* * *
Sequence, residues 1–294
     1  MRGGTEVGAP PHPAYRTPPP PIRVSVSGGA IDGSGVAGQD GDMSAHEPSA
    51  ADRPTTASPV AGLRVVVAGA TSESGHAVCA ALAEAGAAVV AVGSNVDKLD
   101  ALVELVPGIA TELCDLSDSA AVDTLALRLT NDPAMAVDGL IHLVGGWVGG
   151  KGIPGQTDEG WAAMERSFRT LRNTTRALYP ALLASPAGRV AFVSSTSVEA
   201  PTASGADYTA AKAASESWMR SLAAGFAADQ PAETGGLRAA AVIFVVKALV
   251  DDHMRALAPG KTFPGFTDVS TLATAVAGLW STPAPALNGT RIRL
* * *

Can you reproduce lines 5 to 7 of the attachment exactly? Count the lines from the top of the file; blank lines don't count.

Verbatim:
   151  KGIPGQTDEG WAAMERSFRT LRNTTRALYP ALLASPAGRV AFVSSTSVEA
   201  PTASGADYTA AKAASESWMR SLAAGFAADQ PAETGGLRAA AVIFVVKALV
   251  DDHMRALAPG KTFPGFTDVS TLATAVAGLW STPAPALNGT RIRL